Highlights: Is Google Making Us Stupid
In general, online reading has had a negative impact on people’s cognition. Concentration, comprehension, absorption and recall rates were all much lower while reading online than offline.
- Reading on the internet presents many advantages: enhanced user experience, efficiency, increased reading capacity, flexibility, cost effectiveness, and comprehension.
- It also presents disadvantages: negative impact on short- and long-term memory, lack of concentration, and lack of comprehension.
- Hyperlinks are a double-edged sword: they allow the user to go deeper into the subject but can lead to distraction.
- People prefer to read longer documents, or those that require annotation, on paper as opposed to online.
- Reading online may have changed readers’ behaviour—increased skimming/scanning, hopping to different sources, etc.
- Can thus detract from the ability to read deeply, or from prolonged engagement with reading.
- Information is processed and stored in three stages
- Sensory memory translated the initial stimulus into something comprehensible. The process takes only a few seconds. If incomprehensible, the stimulus is discarded. If comprehensible, the information moves to the short term, or working, memory. After about ten minutes, it is transferred to the long term memory.
- There are two major aspects of retaining information in the short term memory: organisation and repetition. If the information is not properly coded and organised, rehearsed or repeated, it gets forgotten. Otherwise it passes into long term memory.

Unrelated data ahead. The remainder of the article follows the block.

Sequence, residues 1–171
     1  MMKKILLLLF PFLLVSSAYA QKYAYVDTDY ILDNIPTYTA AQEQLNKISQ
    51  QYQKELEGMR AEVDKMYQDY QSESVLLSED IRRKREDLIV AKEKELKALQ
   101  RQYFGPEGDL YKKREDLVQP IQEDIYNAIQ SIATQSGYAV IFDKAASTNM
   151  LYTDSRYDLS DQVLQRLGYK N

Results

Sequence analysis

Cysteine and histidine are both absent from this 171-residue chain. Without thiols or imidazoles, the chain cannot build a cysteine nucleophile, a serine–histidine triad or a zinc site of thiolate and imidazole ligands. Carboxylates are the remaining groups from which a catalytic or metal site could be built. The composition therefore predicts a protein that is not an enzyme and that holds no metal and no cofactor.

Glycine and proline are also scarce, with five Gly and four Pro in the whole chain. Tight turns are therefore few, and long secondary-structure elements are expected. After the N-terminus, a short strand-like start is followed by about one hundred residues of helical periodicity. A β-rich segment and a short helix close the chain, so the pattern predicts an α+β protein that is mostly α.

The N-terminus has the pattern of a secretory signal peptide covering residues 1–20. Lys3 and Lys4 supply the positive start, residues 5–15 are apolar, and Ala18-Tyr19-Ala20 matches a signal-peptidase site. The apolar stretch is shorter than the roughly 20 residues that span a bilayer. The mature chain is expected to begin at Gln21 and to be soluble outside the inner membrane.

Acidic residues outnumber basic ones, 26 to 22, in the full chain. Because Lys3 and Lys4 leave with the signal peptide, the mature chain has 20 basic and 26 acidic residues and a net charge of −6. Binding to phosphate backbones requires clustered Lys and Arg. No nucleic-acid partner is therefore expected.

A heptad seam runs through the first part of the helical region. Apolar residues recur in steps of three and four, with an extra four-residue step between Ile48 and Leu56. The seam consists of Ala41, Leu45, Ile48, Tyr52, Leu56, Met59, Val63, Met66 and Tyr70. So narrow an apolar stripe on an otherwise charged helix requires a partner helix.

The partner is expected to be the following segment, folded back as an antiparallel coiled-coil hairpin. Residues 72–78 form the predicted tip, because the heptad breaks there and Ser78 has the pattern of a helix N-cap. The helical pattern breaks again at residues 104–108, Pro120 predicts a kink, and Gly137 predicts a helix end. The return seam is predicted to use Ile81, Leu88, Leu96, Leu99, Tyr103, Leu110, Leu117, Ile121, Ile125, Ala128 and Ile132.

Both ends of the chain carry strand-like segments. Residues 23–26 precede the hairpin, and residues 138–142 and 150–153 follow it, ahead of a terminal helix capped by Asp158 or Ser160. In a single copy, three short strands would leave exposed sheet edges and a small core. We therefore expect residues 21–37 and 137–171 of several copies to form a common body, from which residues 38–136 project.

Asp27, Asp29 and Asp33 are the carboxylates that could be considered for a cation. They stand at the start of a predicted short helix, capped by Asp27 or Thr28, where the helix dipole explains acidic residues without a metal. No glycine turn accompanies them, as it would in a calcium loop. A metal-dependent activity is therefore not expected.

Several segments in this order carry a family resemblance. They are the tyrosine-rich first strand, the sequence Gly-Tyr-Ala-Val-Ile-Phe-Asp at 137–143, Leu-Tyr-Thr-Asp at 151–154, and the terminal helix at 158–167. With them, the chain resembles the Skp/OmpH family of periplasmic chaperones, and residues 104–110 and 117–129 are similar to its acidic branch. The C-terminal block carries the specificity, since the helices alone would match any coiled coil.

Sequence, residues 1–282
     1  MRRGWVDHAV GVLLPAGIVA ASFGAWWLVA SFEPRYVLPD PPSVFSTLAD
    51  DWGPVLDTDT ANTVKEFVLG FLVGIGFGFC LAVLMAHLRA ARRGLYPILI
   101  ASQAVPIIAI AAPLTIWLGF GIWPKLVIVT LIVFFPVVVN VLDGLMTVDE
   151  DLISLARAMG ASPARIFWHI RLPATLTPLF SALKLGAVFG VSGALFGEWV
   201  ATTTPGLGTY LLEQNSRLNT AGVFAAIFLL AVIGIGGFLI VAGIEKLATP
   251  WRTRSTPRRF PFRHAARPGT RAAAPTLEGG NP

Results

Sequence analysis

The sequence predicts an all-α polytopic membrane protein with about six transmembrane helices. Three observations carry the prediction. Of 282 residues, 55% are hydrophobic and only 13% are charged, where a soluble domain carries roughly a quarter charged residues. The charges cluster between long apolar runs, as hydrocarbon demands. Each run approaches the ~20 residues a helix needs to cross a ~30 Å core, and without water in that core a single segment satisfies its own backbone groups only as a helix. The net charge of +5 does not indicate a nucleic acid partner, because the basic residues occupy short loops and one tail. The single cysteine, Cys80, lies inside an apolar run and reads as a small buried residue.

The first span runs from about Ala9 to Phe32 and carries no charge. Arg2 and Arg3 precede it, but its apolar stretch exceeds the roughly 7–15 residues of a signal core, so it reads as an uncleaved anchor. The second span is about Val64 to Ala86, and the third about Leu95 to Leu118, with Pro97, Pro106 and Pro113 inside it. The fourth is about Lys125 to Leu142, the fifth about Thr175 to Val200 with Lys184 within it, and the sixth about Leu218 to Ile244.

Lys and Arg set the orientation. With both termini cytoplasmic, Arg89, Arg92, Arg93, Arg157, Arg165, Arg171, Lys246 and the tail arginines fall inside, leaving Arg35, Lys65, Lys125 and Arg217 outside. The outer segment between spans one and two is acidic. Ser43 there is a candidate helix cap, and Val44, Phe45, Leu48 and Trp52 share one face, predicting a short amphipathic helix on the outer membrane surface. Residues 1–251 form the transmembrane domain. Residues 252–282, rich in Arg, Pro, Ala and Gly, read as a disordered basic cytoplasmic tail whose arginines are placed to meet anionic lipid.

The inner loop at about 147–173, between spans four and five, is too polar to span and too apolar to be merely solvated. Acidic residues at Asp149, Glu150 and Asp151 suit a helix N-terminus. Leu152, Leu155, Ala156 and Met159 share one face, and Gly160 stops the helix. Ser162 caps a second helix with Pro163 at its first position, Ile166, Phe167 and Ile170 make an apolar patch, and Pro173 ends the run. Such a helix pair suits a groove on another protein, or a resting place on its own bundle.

- The long term memory has an unlimited capacity and holds information indefinitely.
- ‘Chunking’ of information is a technique for transferring information to the long term memory
- When skimming or speed reading, content gets skipped and the short term memory does not absorb a complete understanding of what is being read.
- Typically, most online reading is done at work and most offline reading done at home.
- Hyperlinks affect the typical linear reading pattern when reading online.
- Multitasking is more frequent during online reading
- The continuous skimming and fragmented nature of online reading affected the discipline of reading.
Hooper, Val. ‘Is Google Making Us Stupid? The Impact of the Internet on Reading Behaviour’, 2014. https://aisel.aisnet.org/cgi/viewcontent.cgi?article=1044&context=bled2014.